Goode, E. (2015). The Sociology of Deviance. In The Handbook of Deviance (pp. 1–29). John Wiley & Sons, Ltd. https://doi.org/10.1002/9781118701386.ch1

Heckert, A., & Heckert, D. M. (2002). a new typology of deviance: Integrating normative and reactivist definitions of deviance. Deviant Behavior, 23(5), 449–479. https://doi.org/10.1080/016396202320265319

Lemert, E. M. (1967). Human Deviance, Social Problems, and Social Control. Prentice-Hall.

Macionis, J. J., & Gerber, L. M. (2010). Sociology. Pearson Education Canada.

Merton, R. K. (1938). Social Structure and Anomie. American Sociological Review, 3(5), 672–682. https://doi.org/10.2307/2084686

Weitz, R. (1982). From Accommodation to Rebellion: Tertiary Deviance and the Radical Re-definition of Lesbianism.

Zhang, J. (2019). The strain theory of suicide. Journal of Pacific Rim Psychology, 13, e27. https://doi.org/10.1017/prp.2019.19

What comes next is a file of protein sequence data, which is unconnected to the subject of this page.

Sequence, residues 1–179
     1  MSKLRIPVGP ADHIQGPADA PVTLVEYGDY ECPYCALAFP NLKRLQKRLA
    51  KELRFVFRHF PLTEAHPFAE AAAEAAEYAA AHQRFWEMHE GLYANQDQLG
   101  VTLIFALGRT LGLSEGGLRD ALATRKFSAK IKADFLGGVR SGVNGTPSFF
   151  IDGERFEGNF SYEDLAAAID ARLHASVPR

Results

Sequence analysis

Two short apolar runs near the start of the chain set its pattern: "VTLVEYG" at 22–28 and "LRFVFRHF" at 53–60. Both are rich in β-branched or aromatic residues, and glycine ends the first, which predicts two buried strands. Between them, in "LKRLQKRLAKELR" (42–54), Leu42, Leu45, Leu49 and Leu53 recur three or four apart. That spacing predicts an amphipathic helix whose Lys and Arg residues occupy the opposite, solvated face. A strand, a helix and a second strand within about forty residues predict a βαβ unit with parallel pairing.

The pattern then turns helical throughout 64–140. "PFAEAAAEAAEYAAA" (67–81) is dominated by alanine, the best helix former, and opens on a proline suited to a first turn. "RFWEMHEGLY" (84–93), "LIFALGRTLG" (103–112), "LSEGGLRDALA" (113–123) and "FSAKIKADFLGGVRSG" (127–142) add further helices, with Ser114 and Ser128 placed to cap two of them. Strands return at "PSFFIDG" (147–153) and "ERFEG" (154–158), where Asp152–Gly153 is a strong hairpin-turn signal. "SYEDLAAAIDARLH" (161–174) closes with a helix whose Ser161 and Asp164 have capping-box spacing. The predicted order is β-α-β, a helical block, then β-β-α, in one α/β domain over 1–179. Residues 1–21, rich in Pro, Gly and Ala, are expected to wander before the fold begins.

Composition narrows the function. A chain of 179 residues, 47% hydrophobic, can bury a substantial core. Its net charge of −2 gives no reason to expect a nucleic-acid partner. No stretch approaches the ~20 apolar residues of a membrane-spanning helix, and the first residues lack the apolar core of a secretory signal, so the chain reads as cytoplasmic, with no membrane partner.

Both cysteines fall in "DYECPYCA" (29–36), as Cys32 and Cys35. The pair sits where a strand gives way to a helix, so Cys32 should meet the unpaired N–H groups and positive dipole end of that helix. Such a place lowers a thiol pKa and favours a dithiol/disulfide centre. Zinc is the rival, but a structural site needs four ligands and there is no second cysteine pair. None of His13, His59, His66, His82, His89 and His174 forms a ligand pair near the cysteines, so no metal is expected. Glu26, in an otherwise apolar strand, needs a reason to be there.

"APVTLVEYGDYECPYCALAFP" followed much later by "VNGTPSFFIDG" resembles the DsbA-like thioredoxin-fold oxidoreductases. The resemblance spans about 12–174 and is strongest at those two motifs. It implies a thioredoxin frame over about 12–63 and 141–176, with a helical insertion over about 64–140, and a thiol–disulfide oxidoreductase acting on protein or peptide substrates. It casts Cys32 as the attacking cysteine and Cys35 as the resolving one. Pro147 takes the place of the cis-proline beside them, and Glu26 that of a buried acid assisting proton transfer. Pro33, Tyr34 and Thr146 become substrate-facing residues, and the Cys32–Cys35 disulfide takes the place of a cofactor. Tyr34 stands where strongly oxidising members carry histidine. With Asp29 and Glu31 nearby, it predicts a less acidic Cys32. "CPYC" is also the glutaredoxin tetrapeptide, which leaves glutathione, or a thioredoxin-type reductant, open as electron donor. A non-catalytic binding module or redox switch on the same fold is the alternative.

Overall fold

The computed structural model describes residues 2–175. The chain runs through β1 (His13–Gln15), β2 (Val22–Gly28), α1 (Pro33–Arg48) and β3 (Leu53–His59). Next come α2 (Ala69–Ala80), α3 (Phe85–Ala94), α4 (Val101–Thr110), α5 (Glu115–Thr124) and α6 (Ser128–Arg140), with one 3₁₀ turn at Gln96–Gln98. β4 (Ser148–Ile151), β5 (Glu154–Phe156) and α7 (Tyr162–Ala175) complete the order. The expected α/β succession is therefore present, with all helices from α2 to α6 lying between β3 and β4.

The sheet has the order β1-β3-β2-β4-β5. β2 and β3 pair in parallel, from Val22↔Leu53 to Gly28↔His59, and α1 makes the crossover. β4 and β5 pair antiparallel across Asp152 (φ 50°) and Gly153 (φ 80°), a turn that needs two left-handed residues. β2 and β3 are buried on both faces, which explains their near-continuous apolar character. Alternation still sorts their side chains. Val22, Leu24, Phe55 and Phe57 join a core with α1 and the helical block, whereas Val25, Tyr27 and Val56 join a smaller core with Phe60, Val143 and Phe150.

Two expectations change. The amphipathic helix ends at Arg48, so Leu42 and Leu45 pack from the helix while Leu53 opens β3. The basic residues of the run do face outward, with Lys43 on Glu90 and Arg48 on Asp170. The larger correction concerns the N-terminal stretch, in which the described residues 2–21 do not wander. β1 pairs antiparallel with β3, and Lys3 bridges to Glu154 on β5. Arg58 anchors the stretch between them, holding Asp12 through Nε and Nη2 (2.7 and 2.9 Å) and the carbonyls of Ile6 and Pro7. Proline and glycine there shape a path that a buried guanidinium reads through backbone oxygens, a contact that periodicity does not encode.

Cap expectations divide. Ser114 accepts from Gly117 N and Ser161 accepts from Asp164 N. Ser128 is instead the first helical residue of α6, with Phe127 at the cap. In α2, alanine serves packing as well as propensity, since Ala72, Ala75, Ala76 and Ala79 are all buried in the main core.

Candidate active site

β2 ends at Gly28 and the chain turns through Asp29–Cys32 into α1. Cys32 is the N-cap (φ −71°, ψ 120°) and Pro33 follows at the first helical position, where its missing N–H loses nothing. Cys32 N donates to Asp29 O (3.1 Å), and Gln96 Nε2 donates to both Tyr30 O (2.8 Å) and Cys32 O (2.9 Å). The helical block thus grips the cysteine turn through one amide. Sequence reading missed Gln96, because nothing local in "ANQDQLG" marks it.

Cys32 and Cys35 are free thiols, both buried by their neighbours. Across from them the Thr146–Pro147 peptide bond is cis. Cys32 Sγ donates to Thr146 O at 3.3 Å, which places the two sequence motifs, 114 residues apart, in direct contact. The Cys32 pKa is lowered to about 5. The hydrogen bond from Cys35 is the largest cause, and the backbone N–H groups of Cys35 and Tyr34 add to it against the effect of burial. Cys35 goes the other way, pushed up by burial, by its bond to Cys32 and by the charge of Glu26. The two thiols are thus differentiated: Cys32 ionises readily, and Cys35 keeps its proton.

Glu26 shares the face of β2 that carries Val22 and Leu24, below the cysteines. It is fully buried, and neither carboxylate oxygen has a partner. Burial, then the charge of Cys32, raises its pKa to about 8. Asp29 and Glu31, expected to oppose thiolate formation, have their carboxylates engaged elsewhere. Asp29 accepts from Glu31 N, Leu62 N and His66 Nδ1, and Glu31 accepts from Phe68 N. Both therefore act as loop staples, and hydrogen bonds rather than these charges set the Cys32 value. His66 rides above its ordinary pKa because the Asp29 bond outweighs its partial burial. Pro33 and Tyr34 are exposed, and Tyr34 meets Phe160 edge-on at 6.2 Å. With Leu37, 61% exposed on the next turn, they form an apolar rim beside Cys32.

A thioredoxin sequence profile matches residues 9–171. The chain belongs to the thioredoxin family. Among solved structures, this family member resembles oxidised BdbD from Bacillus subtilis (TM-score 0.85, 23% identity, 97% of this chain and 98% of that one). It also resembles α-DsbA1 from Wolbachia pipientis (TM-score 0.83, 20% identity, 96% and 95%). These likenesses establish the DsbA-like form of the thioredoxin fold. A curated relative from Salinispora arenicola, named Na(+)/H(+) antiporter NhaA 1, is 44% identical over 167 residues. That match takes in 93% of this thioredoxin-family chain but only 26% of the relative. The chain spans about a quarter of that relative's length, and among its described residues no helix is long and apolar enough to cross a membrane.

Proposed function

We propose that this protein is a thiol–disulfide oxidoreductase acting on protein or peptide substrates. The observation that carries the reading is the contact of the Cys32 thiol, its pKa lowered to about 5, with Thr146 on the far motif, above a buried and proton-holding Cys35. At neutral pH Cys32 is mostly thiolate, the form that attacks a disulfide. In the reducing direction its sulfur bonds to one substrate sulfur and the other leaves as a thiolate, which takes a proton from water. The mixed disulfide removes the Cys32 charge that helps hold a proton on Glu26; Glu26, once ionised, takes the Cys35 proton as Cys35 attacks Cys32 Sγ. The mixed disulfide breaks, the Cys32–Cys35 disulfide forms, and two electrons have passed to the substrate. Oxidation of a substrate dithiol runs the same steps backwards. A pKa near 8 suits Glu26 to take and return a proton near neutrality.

Zhang, J., Wieczorek, W. F., Conwell, Y., & Tu, X. M. (2011). Psychological strains and youth suicide in rural China. Social Science & Medicine, 72(12), 2003–2010. https://doi.org/10.1016/j.socscimed.2011.03.048

Website | + posts

Tio Gabunia is an academic writer and architect based in Tbilisi. He has studied architecture, design, and urban planning at the Georgian Technical University and the University of Lisbon. He has worked in these fields in Georgia, Portugal, and France. Most of Tio’s writings concern philosophy. Other writings include architecture, sociology, urban planning, and economics.

Website | + posts

This article was peer-reviewed and edited by Chris Drew (PhD). The review process on Helpful Professor involves having a PhD level expert fact check, edit, and contribute to articles. Reviewers ensure all content reflects expert academic consensus and is backed up with reference to academic studies. Dr. Drew has published over 20 academic articles in scholarly journals. He is the former editor of the Journal of Learning Development in Higher Education and holds a PhD in Education from ACU.

Leave a Comment

Your email address will not be published. Required fields are marked *